How is the human brain like a pencil? You probably have already guessed at least one possible answer.
Here are some of my answers:
>They both need to be sharpened for the best performance.
>It’s what they have inside that’s important.
>They are only useful when used.
>It’s possible to erase what they produce, yet often times, a little “residue” remains.
Now, of course, I am using the pencil as a metaphor. The two (pencil & brain) are quite different. On the other hand, the first comparison of the two, where I state that they both have the need for sharpening in order to have the best performance, is powerful. An unsharpened pencil and brain both work, but not as well as sharpened ones. Let’s explore, a little deeper, this need for sharpening the brain.
It is very easy to get stuck in a routine of doing the same things, going to the same places, socializing with the same people, eating the same foods, drinking the same drinks, waking up and going to sleep at the same time, etc. Many people are literally stuck in a rut.
Being stuck in a rut is an example of a brain that isn’t being sharpened. In order to sharpen your brain, you need to do something you do not know how to do. You must learn new things in order to sharpen your brain. If you don’t know how to garden, then learn how. If you don’t know how to do crosswords puzzles, then learn how. If you don’t know how to use a particular piece of software for your computer, then learn how. The key is to force your brain to learn something that is new and non-simple.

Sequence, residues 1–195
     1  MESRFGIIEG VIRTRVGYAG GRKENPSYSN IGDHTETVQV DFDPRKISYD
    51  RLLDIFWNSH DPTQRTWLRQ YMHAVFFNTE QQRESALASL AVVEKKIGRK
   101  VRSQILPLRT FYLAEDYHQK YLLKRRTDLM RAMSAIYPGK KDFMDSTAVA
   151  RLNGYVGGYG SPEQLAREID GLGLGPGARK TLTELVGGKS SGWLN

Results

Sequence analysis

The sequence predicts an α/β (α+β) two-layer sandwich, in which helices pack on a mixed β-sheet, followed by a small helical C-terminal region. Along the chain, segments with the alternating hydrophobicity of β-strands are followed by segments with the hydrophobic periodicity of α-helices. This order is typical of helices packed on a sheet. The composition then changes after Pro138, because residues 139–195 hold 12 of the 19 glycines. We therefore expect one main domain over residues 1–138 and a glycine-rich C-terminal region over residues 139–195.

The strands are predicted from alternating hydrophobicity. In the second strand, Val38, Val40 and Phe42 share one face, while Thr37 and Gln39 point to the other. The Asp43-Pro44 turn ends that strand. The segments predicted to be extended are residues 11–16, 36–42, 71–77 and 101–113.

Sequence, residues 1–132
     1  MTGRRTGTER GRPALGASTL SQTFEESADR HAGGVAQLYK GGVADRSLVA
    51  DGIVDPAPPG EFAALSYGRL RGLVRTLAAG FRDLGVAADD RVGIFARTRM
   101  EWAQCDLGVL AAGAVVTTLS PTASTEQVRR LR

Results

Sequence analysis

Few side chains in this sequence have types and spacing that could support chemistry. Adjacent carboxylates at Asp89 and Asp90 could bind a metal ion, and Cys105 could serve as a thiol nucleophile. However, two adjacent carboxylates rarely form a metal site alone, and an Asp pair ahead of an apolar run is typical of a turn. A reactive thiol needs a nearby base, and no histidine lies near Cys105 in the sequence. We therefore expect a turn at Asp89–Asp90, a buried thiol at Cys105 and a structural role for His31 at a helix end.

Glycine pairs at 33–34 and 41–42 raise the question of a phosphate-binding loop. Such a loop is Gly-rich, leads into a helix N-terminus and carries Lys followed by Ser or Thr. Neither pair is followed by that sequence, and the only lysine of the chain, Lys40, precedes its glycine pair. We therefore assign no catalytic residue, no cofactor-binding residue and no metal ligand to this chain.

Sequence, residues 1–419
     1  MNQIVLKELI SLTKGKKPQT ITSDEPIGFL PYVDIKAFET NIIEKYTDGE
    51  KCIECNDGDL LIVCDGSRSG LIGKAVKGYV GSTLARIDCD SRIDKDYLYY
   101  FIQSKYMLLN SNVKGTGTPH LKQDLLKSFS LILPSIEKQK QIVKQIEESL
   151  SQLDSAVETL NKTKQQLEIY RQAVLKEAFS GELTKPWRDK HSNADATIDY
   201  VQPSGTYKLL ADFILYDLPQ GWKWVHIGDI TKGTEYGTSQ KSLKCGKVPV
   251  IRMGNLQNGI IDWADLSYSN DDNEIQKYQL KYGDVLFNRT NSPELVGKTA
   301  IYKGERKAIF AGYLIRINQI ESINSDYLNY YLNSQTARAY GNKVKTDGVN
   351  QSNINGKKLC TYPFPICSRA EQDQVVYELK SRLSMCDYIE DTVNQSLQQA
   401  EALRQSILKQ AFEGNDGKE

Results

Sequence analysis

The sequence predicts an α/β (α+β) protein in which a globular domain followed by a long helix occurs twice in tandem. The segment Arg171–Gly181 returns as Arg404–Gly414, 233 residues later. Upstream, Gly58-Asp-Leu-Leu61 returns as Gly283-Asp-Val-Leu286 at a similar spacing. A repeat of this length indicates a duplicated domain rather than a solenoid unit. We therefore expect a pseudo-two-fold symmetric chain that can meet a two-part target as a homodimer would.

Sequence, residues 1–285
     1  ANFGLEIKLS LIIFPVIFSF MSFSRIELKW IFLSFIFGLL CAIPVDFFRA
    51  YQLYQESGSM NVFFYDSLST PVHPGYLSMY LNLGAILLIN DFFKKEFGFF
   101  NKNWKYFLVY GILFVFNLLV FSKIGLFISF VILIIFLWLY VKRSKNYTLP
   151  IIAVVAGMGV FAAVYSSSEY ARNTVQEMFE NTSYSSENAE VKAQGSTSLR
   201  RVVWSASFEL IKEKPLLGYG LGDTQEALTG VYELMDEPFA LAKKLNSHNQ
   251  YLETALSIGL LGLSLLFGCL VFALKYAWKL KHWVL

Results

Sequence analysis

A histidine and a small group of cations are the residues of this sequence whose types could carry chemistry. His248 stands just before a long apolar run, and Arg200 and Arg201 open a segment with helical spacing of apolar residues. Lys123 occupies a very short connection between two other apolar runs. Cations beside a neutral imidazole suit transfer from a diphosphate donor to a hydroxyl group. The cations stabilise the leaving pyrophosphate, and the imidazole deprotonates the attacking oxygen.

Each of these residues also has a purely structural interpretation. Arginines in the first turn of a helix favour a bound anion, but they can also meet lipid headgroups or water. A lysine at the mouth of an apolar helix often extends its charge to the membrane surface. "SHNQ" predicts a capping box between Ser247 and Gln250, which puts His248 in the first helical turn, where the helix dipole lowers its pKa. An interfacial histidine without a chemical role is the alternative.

Learning new things can help keep you and your brain fit. Often the new thing you learn can help with both, mental and physical fitness. Therefore, you could use the act of sharpening your brain as a way to temporarily achieve total fitness. I used the word “temporarily” in the previous sentence because I don’t think it is wise to repeatedly use the same mental act. Anything we always mentally do can eventually end up not giving us any meaningful results. A simple example of this is driving a car. When I first learned to drive – at age 14 – I found it to be mentally challenging. After awhile, driving became such a simple routine that it was no longer challenging. It’s important to “mix-up” our mental challenges in order to sharpened the brain. Similar to doing the exact same physical workout everyday, doing the same mental workout will eventually result in little or no appreciable results.
Finally, as some of you may have read in earlier posts, one of the reasons for my blog is, “writing for learning.“ In an earlier post entitled, “My Writing, Dementia and Mother,” I explained that this mental exercise of writing my blog for learning, hopefully, would also”ward-off” dementia. Of course, I have no evidence that it will, but I don’t see how it can hurt.
So, how is the human brain like a pencil? As mentioned in the first paragraph, they both need to be sharpened for the best performance. Oh, I almost forgot, they also have to be used in order to be useful! :-)
How about a sharpened comment?